(To be fair, Giants’ ownership deserves it’s share of the blame for public perception of the team changing, too, for putting the now-departed leadership in place, and its handling of the Josh Brown situation in 2016.)
So how’d we get here? Reese and McAdoo arrived at this point for very different reasons.
Reese inherited a strong roster when he succeeded Ernie Accorsi as GM in 2007, and he deserves credit for supplementing it with a draft class that put that year’s team, the eventual Super Bowl champion, over the top. He then added pieces like Jason Pierre-Paul, Victor Cruz and Mario Manningham that became integral to another championship four years later.
But in the time since, a series of failed draft classes cut the guts of the roster out as the championship teams aged, and the problems of 2017 weren’t much different than those of ’14 and ’15. The offensive line was no good, and the defense lacked depth. And while a good run of health in 2016 allowed for those to be covered up, they never went away. Firing Reese is far from a knee-jerk move.
McAdoo’s descent began back in January, when Beckham and the receivers traveled to Miami to ring in the New Year during a playoff week—and waved it in everyone’s faces on social media. Beckham’s absence from the offseason program was handled simiilarly by the star, mostly via Twitter and Instagram, and flaunted that he was playing by his own rules.
Then in September, McAdoo’s public effort to draw a disciplinary line by going at Manning after the team’s loss on Monday Night Football to the Lions rang hollow in the locker room six days later, when the coach reacted to Beckham’s dog-peeing celebration by saying he wishes everyone would focus on the touchdown catch he’d made seconds beforehand.
All of that made clear who was really in charge, and it wasn’t McAdoo. The suspensions of Dominique Rodgers-Cromartie and Janoris Jenkins—both openly disrespected the coach—and the drama involving Eli Apple became about as predictable as it was that this day was coming.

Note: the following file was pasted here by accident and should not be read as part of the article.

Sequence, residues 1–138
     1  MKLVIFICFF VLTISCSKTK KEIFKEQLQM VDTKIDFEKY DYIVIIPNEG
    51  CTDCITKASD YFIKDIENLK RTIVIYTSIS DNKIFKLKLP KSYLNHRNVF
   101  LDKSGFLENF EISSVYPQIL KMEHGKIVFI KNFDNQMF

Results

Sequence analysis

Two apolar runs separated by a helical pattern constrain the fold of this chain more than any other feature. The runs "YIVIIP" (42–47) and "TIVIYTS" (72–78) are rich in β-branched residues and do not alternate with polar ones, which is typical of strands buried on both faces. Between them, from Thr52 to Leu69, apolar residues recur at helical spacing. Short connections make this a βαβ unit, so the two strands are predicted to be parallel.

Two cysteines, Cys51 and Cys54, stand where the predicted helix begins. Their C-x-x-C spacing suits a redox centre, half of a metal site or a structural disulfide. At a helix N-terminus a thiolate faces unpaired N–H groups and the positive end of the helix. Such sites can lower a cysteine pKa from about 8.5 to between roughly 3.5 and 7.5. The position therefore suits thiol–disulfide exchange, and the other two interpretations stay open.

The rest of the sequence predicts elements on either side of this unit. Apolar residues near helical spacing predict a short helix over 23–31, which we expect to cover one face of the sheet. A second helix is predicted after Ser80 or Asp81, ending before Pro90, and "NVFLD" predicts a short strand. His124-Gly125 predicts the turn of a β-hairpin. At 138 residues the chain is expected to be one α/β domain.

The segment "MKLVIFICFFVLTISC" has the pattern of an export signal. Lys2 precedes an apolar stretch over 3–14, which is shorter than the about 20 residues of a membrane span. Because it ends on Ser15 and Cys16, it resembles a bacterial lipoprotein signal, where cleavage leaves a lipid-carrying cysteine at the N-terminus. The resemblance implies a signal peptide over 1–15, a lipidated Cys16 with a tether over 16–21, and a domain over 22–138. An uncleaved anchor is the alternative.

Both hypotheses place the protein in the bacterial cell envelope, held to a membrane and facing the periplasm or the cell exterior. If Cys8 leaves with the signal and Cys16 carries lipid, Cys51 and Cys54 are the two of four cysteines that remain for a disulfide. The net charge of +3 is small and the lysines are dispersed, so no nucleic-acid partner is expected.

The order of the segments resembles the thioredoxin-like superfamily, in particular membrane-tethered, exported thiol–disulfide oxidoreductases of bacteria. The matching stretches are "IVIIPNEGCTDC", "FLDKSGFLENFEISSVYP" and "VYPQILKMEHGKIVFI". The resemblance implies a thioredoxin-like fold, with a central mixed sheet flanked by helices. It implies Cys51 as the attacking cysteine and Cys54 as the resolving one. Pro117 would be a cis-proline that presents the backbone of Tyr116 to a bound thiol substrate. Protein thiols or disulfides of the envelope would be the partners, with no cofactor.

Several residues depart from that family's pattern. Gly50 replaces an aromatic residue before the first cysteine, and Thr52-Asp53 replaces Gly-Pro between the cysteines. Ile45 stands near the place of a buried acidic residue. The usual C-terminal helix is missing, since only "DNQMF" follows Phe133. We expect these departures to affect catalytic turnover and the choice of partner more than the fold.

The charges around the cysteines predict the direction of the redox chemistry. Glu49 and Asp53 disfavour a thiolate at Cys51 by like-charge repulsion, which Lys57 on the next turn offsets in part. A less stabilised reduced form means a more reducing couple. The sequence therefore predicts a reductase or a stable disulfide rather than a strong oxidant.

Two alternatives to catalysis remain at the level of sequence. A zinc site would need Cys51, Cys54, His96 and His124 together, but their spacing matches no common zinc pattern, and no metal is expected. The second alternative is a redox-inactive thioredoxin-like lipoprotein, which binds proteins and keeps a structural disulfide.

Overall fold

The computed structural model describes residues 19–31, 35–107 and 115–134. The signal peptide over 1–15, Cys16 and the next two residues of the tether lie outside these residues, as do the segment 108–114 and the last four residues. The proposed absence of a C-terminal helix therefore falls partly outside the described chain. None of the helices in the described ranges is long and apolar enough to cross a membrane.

Reese had to go, because the roster wasn’t getting better. McAdoo had to go, because he’d lost the team. And now the Giants start over, turning the page while avoiding what could’ve been a pretty ugly series of home game to come.
First order of business? Restoring the team’s good name.
Is QB KIRK COUSINS still shockingly normal or is he odd? Greg Bishop with a long look at the self-admitted nerdy QB here with highlights below:
Because Kirk Cousins is Kirk Cousins, he desperately wanted an office. That is what he asked of the Redskins, and that is what they gave him: a windowless nook with gray filing cabinets and ample storage space, tucked off the lobby at 21300 Redskins Park Drive. Desk jockeys around D.C. relive Cousins’s TD passes at their cubicles every Monday, but the QB imagined that scene in reverse, and over the summer his wish was granted. He even nailed the decor, from the You Might Be a Redneck If … calendar to the clacking Newton’s cradle to the beach photo taped on a wall.
Months later, Cousins is reveling in excitement over an office gift from one of the facility’s custodians. “Whiteboard cleaner!” he says, displaying the bottle à la Vanna White. He reclines in his swivel chair as he says this, sounding less like Montana and more like Milton from Office Space. But whereas Milton was forever searching for a vanishing stapler, Cousins is looking for something even more elusive: contentment, over his contract status (to be determined, again, this offseason), his growing family (son Cooper was born on Sept. 29) and his better-than-expected NFL career.